# Calculate distance travelled by vehicle using “knots” of NMEA data

I'm using L80 quectel GPS module. Which sends the NMEA protocol data string which has latitude, longitude, UTC time, knots, etc. We are going to use this GPS module in a vehicle. We have to calculate the distance travel by the vehicle using GPS. We have to show the total distance travel by the vehicle like an odometer. Is it possible to calculate total distance travelled by vehicles using "knots" value from a GPS? If it is possible, then how to calculate?

Thanks..

• Do you have access to search engines such as google, or similar? – mkeith Oct 14 '15 at 4:33

## Calculating distance from speed

As Peter Bennett has already written in his answer, you get the current speed in nautical miles from a GPS dataset. Multiplied by the time to the next GPS dataset, you get the distance traveled between the reception of the two datasets.

But: If you accelerate, the real speed increases, while your device thinks it's constant. So, the calculated distance is too low. The same applies when braking (calculated distance too high). A simple solution: Don't use the speed from the dataset, but the average speed between two datasets. If the acceleration is constant, the resulting distance is absolutely correct. If the acceleration is not constant, the result is still by far more precise.

Another BUT: What, if the GPS signal is lost for a longer period, like in a long tunnel? Let's say, the signal is gone for 6minutes. The last dataset states a speed of 50kt, the next of 10kt. How long is the distance? If there's a traffic jam in the tunnel and the driver had to brake down to 10kt right after loosing the GPS signal, the length is 10kt*0.1h=1nm. If he has to brake right before the next GPS signal, the length is 50kt*0.1h=5nm. Using average speed results in 3nm. What's true?

## Calculating distance from coordinates

To solve this problems, it's best to not rely on speed at distinct times, but to calculate the distance from the coordinates. This still has some disadvantages, as the distance will be a bit too low for sharp curves (or tunnels with curves), but it's still better than the speed-approach.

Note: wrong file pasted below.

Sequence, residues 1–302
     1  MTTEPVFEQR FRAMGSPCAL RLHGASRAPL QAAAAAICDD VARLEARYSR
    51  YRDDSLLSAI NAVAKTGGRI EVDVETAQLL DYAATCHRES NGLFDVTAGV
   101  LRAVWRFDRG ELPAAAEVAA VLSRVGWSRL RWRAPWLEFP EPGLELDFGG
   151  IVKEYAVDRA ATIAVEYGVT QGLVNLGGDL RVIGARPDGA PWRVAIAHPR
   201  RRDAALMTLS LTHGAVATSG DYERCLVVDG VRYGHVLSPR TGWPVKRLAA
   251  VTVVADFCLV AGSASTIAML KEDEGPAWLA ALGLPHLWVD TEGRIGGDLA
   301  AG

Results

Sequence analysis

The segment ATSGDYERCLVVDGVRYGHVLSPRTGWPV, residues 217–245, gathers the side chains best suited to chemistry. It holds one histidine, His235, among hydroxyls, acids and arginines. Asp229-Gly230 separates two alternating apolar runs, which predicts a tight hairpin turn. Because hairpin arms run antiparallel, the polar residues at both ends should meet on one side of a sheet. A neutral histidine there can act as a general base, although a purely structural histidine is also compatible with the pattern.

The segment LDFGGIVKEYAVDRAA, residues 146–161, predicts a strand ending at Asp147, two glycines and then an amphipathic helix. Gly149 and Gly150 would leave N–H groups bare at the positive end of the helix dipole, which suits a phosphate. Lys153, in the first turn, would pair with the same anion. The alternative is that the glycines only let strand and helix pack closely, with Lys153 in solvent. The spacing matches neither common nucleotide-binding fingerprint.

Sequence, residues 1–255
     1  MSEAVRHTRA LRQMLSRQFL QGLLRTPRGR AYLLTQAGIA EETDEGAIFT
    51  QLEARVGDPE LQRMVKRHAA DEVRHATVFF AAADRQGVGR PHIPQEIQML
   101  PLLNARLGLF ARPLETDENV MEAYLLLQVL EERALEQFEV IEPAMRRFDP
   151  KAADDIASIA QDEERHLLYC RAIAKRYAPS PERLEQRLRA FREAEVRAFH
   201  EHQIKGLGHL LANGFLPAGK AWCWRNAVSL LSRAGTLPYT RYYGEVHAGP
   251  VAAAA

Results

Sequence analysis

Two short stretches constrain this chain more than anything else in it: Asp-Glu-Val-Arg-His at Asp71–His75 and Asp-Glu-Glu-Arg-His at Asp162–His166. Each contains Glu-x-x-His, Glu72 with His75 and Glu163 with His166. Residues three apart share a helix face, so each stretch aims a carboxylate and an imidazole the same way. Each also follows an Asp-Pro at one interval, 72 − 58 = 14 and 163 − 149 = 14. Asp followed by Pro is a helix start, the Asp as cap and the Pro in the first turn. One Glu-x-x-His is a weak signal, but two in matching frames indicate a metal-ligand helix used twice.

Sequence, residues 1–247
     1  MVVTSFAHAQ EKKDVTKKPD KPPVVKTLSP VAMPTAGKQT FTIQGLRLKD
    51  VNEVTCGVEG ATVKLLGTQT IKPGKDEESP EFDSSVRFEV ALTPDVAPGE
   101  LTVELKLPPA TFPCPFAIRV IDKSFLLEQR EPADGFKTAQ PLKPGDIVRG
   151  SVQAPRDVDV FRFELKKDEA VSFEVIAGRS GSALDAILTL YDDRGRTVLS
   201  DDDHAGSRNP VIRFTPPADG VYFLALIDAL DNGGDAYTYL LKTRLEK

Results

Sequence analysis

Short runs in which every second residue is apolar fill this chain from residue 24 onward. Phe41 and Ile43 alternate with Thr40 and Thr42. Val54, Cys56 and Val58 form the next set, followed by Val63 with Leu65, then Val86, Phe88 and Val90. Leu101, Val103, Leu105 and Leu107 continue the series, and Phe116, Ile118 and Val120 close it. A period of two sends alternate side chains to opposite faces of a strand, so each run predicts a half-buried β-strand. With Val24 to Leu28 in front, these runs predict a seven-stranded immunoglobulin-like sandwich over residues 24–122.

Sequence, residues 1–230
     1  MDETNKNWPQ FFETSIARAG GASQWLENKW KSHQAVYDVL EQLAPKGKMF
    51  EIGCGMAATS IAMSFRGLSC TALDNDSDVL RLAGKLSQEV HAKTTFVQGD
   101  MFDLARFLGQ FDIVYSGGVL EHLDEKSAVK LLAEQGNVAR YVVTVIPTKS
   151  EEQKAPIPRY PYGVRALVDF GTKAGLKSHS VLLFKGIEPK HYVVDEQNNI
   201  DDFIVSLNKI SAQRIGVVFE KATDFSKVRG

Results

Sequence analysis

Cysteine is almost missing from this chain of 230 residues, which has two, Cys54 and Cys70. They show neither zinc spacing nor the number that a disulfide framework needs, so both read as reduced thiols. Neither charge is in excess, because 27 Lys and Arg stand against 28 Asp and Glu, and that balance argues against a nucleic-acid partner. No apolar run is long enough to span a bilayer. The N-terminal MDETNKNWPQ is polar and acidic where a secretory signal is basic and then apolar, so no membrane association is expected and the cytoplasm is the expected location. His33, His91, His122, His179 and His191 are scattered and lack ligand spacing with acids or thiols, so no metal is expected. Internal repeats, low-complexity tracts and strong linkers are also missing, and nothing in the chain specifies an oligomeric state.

The distance of a position to the equator is

$$y=H \cdot\langle lat\rangle$$

and the distance to the prime meridian is

$$x=H\cdot\langle lon\rangle\cdot \cos\langle lat\rangle$$

The angles are given in radian, not degree: $\alpha[rad]=\frac{\pi}{180°}\cdot\alpha[°]$

These formulas contain the distance to the center of the earth, which is $$H=R_{earth}+\langle altitude \ by \ GPS \rangle$$

The distance between two coordinates can then be calculated by

$$d=\sqrt{(x_2-x_1)^2+(y_2-y_1)^2+(H_2-H_1)^2}$$

About $R_{earth}$:
As first approximation, the earth is a sphere with an average radius of 6371km, but it is more an ellipsoid with a 21km larger radius at the equator than at the poles. As result, distances between two coordinates near the equator are about 0.5% larger than at the poles. Mainly for correct altitudes, GPS usually uses a model of the earth called WGS84, which describes its ellipsoidal shape. The radius of the earth at a given latitude then is:

$$R_{earth}=\sqrt{(6356.7523km\cdot\sin\langle lat\rangle)^2+(6378.137km\cdot\cos\langle lat\rangle)^2}$$

Finally, this formula is only valid if the calculated distance is small compared to the size of the earth, so spherical effects can be neglected. (The shortest route from San Francisco, California to Rome, Italy is via Canada, Hudson bay, Greenland, UK, while my solution is US east coast, Portugal, Spain). If you are interested in calculating large distances, see Wikipedia about great-circle distances. But for your application, this solution is fine

• Hi @sweber. Thanks for the reply. Yes, loosing of GPS signal is a very big concern, the formula you gave will it work even GPS signal lost? – user6161 Oct 15 '15 at 6:19
• How could it work without GPS signal? The formula calculates the distance (straight line) between two coordinates given by GPS. If there is no signal for some time, use the last and next valid signal. – sweber Oct 15 '15 at 8:27

One knot is one nautical mile per hour. A nautical mile is 1852 metres.

As a knot is a unit of speed, you have to determine the lenght of time the vehicle traveled at a particular speed to determine the distance travelled.